Caster Semenya has expressed disappointment over a court ruling which means she will be prevented from defending her 800m title at the World Athletics Championships in Doha next month.

The Swiss Supreme Court has reversed a ruling that suspended a regulation imposed by the sport's governing body, the IAAF, regarding testosterone levels pending Semenya's appeal.

The ruling effectively means South Africa's Semenya would be obliged to submit to hormone-reducing medication - something she has resolutely refused to consider - in order to continue to compete.

In a statement issued through her PR agency, Semenya said: "I am very disappointed to be kept from defending my hard-earned title, but this will not deter me from continuing my fight for the human rights of all of the female athletes concerned."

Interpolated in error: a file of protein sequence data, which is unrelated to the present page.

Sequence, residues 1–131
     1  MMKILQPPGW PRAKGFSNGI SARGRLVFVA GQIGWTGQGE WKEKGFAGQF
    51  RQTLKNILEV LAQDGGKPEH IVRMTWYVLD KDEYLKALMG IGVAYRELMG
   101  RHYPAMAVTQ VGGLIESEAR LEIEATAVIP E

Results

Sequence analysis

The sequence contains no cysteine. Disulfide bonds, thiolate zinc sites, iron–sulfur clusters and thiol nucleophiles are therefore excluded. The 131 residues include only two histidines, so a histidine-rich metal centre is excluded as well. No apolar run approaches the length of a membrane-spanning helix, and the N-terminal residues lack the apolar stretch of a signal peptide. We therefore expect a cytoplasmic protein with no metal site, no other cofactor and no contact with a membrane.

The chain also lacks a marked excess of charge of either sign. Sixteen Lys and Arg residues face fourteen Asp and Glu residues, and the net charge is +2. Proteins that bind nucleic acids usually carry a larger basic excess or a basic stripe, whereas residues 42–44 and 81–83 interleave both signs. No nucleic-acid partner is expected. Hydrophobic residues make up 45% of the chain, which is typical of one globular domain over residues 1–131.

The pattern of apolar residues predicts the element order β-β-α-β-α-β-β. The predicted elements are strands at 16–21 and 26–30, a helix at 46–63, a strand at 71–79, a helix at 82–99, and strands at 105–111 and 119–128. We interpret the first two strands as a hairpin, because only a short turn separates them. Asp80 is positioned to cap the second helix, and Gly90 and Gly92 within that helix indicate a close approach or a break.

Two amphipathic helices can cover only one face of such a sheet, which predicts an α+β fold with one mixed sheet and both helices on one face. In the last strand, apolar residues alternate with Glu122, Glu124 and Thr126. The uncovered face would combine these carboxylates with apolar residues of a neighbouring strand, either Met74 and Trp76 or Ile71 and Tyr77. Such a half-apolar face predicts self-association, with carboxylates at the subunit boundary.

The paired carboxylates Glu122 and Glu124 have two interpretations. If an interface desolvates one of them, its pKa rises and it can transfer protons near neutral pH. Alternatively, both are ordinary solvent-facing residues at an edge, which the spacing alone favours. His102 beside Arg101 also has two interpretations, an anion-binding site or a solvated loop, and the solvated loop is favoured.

Semenya said in an interview with the BBC earlier this month that she felt she had been "crucified" in the course of her fight against the IAAF's complex rules regarding 'Athletes with Differences of Sex Development'.

Last month Semenya won an interim suspension of the rule in the Swiss court, but this has now been reversed due to the court's finding that the "high threshold" for suspension were not fulfilled.

Semenya, who posted a pair of possibly cryptic tweets earlier on Tuesday saying she was "looking forward to the second chapter" of her life, has vowed to continue her legal battle.

Dorothee Schramm, the lawyer leading her appeal, said: "The judge's procedural decision has no impact on the appeal itself. We will continue to pursue Caster's appeal and fight for her fundamental human rights. A race is always decided at the finish line."

In a statement, the IAAF said: "We understand the Swiss Federal Tribunal will be issuing its full decision on this order tomorrow (Wednesday) and the IAAF will comment once the tribunal makes its reasoning public."